To allow greater density in return for a laundry list of amenities, county officials approved new zoning for White Flint back in March 2010. The so-called White Flint Sector Plan is widely regarded as a prototype. To permit such development elsewhere, the county council last October approved a new commercial-residential (CR) zone by an 8-1 vote. Not everyone is on board, though, and little wonder, considering that the very future of Montgomery County is at stake.
There are powerful forces at work here. Landowners, developers and builders see economic opportunity, with big profits from taller buildings. But along with the doers are the dreamers—the visionary planners. At times, the two have seemed to inhabit different planets, though no more. Then there are the dissenters. But more about them later.
“I’d never planned on doing suburbs,” says Rollin Stanley, the county’s brash, 53-year-old planning director, who arrived four years ago from St. Louis, where he held a similar position for six years. Before that, he was a planner in Toronto for 21 years.
The Canadian-born Stanley has become internationally known in planning circles—he recently represented the American Planning Association (APA) in helping to create a growth strategy for the Chinese city of Shouzhou—and he sees himself fulfilling a mission here, if not a calling.
Stanley remembers receiving a call from Jeff Soule, the APA’s director of outreach and international programs based in Washington. Soule said, “ ‘We think you are needed in Montgomery County, Md.’ I said, ‘Where’s that?’ I’d never heard of it,” he says. “At the same time, Philadelphia was calling.”
Everyone, it seemed, wanted him to save their region from the spreading sprawl and crawl. Then he got a call from Royce Hanson, the outgoing Montgomery planning board chairman, encouraging him to come look, telling him that the county was “at the point of change.”
Since then, Stanley has gone from one community meeting to another, selling his vision of a vertical future. He sometimes angers his listeners with statements such as “congestion is good,” because it forces people out of their cars and onto mass transit.
He has little patience with dissenters. Stanley goes so far as to accuse them of being “rich, white women…spreading fear.” He says they stalk his appearances before community groups, sowing discord. He claims they refer to themselves as “the coven.”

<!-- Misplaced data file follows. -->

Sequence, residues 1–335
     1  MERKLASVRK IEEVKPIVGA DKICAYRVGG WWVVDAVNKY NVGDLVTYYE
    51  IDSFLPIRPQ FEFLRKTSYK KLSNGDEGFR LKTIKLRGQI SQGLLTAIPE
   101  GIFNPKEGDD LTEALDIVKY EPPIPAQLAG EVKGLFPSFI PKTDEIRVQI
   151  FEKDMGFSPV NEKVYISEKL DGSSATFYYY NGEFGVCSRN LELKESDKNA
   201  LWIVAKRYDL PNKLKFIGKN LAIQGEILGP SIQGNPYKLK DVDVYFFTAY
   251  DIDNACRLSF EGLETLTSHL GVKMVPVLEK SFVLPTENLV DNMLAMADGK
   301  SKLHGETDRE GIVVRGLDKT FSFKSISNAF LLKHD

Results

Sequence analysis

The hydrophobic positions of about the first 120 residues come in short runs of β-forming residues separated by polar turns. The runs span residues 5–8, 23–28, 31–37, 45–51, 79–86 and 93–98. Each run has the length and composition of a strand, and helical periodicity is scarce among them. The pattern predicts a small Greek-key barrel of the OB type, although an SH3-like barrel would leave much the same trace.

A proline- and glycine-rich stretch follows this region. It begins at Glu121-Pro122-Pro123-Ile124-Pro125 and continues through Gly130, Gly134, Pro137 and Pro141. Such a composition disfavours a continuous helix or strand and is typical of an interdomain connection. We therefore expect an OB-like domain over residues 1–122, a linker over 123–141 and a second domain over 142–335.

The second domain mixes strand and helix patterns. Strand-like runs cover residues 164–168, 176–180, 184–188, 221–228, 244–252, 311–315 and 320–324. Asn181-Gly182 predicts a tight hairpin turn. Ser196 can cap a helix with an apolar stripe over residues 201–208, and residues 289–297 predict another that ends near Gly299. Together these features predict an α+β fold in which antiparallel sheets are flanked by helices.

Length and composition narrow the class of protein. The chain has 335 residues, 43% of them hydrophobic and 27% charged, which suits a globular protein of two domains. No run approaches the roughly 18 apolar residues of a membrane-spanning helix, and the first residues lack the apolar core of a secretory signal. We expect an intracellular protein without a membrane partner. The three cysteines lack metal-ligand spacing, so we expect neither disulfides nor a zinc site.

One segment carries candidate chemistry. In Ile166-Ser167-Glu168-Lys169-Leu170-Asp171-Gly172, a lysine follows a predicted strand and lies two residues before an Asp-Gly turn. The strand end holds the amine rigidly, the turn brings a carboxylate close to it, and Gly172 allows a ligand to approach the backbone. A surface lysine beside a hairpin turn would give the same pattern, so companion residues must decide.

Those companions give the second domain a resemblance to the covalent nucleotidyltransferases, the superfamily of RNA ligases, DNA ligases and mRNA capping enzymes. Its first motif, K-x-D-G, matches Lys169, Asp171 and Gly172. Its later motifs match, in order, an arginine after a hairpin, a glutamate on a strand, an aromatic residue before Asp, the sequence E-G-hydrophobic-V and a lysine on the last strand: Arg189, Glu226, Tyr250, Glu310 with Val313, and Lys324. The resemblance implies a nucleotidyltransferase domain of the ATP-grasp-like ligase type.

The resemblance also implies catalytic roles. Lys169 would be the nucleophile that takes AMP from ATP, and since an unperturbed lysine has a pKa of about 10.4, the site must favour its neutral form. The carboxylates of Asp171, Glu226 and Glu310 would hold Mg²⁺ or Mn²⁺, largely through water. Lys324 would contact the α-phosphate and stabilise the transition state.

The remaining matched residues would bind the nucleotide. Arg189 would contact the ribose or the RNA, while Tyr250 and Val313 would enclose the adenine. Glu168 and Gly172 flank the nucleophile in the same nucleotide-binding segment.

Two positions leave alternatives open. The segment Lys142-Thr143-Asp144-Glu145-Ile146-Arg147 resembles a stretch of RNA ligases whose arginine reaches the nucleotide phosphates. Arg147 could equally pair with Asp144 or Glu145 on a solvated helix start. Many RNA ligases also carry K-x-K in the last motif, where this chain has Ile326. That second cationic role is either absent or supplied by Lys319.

Meredith Wellington, a former planning board member, lawyer and Chevy Chase resident, is among the alleged inciters. “No, that’s silly,” she says of Stanley’s reference to the coven. “We’re professionals, I don’t get into personalities. I feel sorry for him if he feels that way. I have never made such a reference, and I have never heard anybody else make such a reference.”
Wellington’s organization, Neighborhood Montgomery, seeks to inform other residents about the countywide rezoning and how it could affect them. Her group’s battle cry: “Don’t Urbanize Montgomery County.”
“I don’t want everything to look the same,” Wellington says.
The resistance comes largely from leafy, single-family home communities worried that the new high-density, high-rise projects will bring more, not less, traffic to their neighborhoods, as well as place greater demands on schools and other public services. “There are a lot of really angry people,” says county council member Marc Elrich, the lone dissenter in the panel’s vote to approve the new high-density zone.
But the critics say it would be wrong to characterize them as anti-redevelopment. Take Mid-Pike Plaza. “If you look at it, with the sea of parking and buildings way back, yes, it needed to be redeveloped,” says Pat Baptiste, chair of the Chevy Chase Village Board of Managers and a member of the county planning board from 1991 to 1998.
But Baptiste is skeptical about high-rise Metro-related development as a one-size-fits-all solution. She points to empty storefronts with “for lease” signs at Wisconsin Circle in Friendship Heights to suggest that high density doesn’t necessarily guarantee success.
Wellington says she supports smart growth and transit-oriented development. “My problem is the failure to have great transit,” she says. “Metro has deteriorated and never added the infrastructure—buses and other connectors.” Without a grand design, she believes that the planners’ visions are unattainable and that the adjoining neighborhoods will suffer.
“If you are unable to keep up with transportation or school use, maybe you need to slow down for a bit,” Wellington says. She cites as a success story the master plan for downtown Bethesda, which has tied development to the increased use of mass transit: As mass transit use goes up, so does the allowed density.
Elrich describes the planners’ strategy as: “Make roads so bad people only use transit.”
“But we can’t provide enough transit in most of the county,” he says, “and the cost is extraordinary.”